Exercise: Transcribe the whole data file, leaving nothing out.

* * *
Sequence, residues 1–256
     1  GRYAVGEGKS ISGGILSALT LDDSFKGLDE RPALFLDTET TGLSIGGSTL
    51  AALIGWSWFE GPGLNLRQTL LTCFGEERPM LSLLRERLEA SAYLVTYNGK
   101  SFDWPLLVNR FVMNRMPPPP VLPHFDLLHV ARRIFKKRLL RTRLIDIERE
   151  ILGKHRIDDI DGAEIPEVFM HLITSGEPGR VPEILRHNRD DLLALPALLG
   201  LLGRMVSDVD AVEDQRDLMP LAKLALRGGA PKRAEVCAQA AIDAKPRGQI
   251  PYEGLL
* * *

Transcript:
Sequence, residues 1–256
     1  GRYAVGEGKS ISGGILSALT LDDSFKGLDE RPALFLDTET TGLSIGGSTL
    51  AALIGWSWFE GPGLNLRQTL LTCFGEERPM LSLLRERLEA SAYLVTYNGK
   101  SFDWPLLVNR FVMNRMPPPP VLPHFDLLHV ARRIFKKRLL RTRLIDIERE
   151  ILGKHRIDDI DGAEIPEVFM HLITSGEPGR VPEILRHNRD DLLALPALLG
   201  LLGRMVSDVD AVEDQRDLMP LAKLALRGGA PKRAEVCAQA AIDAKPRGQI
   251  PYEGLL